Fun fact: you can do SEPP withdrawals from Roth IRAs to avoid the early withdrawal penalty, but these withdrawals will still be subject to income tax if they come out of the earnings! You really do want to wait until 59 to touch the earnings if at all possible.

Wow, I didn't know that. How has this not been mentioned on this forum recently? That makes things a little more complicated.

Why?  The Roth conversion pipeline, which is the most common early-stash-access plan discussed on the forum, doesn't contemplate or require access to intra-Roth earnings.  As long as you're limiting your annual conversions to an amount not much higher than your projected actual five-year-forward living expenses, you shouldn't need early access to intra-Roth earnings.  Is the issue that you planned to convert excess amounts each year in order to utilize available tax-free space (or maybe to reach minimum ACA subsidy thresholds?) and may end up depleting your tIRA "dry powder" too early?

I've been contributing the max to a Roth for 15 years (even some years when I could have done a TIRA but I didn't realize it would be better to do that). And I even did a conversion when I had a low income (I regret it now, but what did I know at the time) and the conversion was a lot of money and done during 2009 when the market was almost at the bottom (I thought this was smart to pay tax on it at the bottom and then pull it out tax free after it went back up--and it has doubled already not counting dividends). The point is that I already have a lot of earnings piled up in the Roth (maybe 20% of NW), and that should keep growing by a lot over the next 25 years. That ties up a huge chunk of my NW that I wasn't planning on paying taxes on. I guess it's not a disaster, but I'll need to plan more carefully how to pull it out. If the markets are good after retirement (and I work too long) I won't need the money. But if I get unlucky or I try to retire with less of a safety margin, I might have to pay some tax on it. In part due to the conversion, and in part due to not having 401k access at certain jobs in the past, I do not have that much 401k funds saved up (about as much as the Roth) and no TIRA funds at all.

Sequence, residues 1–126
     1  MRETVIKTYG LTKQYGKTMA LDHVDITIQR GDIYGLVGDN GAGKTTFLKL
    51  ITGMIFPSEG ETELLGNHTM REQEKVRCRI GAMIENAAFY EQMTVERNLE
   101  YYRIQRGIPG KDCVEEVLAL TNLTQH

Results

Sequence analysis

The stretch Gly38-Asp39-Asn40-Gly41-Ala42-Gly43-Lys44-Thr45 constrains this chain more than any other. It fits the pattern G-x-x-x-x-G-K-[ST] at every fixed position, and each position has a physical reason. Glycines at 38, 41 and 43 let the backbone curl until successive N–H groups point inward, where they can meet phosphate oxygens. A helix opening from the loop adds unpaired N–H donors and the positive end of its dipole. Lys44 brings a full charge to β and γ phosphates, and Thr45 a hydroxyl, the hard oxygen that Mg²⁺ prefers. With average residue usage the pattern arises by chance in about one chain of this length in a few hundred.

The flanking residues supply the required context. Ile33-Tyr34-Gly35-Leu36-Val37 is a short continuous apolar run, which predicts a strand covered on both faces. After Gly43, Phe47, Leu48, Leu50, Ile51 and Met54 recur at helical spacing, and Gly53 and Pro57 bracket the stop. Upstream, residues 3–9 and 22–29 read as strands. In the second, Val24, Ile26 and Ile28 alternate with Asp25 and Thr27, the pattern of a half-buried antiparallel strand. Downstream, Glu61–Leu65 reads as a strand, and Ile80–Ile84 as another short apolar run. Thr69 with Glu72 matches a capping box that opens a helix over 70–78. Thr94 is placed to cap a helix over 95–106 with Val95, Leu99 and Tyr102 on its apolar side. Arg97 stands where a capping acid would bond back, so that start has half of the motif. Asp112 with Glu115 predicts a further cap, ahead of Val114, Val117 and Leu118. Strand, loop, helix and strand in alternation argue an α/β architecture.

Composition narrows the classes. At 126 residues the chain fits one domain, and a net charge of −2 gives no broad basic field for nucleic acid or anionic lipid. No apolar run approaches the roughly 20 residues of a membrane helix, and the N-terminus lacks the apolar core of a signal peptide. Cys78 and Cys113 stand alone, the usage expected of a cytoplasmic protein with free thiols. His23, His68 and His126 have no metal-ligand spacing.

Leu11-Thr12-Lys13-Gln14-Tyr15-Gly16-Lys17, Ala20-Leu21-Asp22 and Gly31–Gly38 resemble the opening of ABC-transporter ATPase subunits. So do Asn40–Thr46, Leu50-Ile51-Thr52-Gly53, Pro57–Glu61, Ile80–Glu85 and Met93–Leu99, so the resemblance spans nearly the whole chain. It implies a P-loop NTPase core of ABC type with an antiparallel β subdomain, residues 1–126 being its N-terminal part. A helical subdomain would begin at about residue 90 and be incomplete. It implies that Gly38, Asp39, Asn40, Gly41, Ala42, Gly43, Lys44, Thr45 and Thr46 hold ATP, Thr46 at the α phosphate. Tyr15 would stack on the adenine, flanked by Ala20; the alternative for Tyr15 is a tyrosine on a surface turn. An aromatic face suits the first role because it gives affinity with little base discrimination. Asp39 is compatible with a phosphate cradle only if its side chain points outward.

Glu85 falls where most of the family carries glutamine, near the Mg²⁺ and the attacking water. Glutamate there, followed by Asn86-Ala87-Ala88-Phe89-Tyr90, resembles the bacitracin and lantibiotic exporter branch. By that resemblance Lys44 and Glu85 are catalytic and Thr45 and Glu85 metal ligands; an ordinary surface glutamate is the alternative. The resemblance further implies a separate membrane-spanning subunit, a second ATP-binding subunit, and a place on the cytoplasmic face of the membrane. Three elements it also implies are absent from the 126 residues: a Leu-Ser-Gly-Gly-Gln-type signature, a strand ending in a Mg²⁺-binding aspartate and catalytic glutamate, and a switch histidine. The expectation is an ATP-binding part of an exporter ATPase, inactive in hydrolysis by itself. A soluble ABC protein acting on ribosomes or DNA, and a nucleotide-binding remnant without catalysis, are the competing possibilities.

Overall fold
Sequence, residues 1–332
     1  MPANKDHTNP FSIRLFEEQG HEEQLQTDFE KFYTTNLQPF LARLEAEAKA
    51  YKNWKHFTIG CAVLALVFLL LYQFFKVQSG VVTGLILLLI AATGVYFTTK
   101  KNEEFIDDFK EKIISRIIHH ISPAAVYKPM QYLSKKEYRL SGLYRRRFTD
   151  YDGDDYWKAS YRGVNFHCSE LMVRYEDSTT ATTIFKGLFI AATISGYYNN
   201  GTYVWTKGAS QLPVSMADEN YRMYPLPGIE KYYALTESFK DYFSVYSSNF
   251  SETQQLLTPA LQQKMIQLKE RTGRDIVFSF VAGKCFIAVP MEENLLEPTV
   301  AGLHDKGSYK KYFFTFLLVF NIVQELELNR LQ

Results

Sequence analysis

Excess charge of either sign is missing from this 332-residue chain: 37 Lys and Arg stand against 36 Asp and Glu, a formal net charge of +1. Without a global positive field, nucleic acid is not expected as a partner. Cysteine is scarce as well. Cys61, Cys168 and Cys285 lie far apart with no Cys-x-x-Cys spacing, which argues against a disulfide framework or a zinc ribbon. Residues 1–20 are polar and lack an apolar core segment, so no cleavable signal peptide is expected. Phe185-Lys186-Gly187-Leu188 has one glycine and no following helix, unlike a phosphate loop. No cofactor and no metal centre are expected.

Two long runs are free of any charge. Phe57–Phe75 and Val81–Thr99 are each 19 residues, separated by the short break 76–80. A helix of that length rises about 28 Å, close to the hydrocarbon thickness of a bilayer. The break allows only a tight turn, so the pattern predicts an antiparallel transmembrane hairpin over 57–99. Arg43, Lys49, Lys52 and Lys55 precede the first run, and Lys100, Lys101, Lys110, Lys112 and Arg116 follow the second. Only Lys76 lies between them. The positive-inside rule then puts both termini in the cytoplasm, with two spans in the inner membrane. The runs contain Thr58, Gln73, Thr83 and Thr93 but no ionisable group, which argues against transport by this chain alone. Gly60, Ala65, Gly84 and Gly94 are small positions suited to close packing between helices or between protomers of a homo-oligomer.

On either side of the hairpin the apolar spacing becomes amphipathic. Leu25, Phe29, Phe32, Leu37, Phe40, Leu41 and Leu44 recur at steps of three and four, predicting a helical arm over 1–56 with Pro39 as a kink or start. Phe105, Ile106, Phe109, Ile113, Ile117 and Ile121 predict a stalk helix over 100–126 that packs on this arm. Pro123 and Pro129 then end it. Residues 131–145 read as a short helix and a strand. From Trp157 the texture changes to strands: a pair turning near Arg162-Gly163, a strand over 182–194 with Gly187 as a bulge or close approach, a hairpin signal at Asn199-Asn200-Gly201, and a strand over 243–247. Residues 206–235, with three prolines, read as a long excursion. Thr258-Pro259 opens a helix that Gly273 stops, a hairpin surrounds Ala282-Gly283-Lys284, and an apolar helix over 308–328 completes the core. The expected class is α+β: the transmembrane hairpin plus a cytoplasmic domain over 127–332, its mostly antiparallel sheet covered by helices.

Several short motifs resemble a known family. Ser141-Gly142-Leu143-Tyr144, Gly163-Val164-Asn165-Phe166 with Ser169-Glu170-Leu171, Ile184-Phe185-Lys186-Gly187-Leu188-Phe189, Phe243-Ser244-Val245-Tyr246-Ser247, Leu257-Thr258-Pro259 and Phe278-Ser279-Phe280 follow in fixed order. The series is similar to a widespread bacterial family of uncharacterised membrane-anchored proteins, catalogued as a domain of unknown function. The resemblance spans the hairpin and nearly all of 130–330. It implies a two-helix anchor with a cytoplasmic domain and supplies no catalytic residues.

I'll figure it out. Just more complicated.

brooklynguy

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Re: 72t vs. Roth IRA conversion
« Reply #21 on: August 05, 2015, 03:42:10 PM »
The point is that I already have a lot of earnings piled up in the Roth (maybe 20% of NW), and that should keep growing by a lot over the next 25 years. That ties up a huge chunk of my NW that I wasn't planning on paying taxes on.

Ah, got it.  Well, if you do end up needing to access the Roth earnings, and you continue with frugal living, the income taxes should be low to none, right?

forummm

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Re: 72t vs. Roth IRA conversion
« Reply #22 on: August 05, 2015, 05:32:52 PM »
The point is that I already have a lot of earnings piled up in the Roth (maybe 20% of NW), and that should keep growing by a lot over the next 25 years. That ties up a huge chunk of my NW that I wasn't planning on paying taxes on.

Ah, got it.  Well, if you do end up needing to access the Roth earnings, and you continue with frugal living, the income taxes should be low to none, right?

Hopefully. We were planning to increase spending in retirement. But we'll see. Part of the key to success is being flexible and resourceful. I'm not very worried. I'll probably oversave as it is.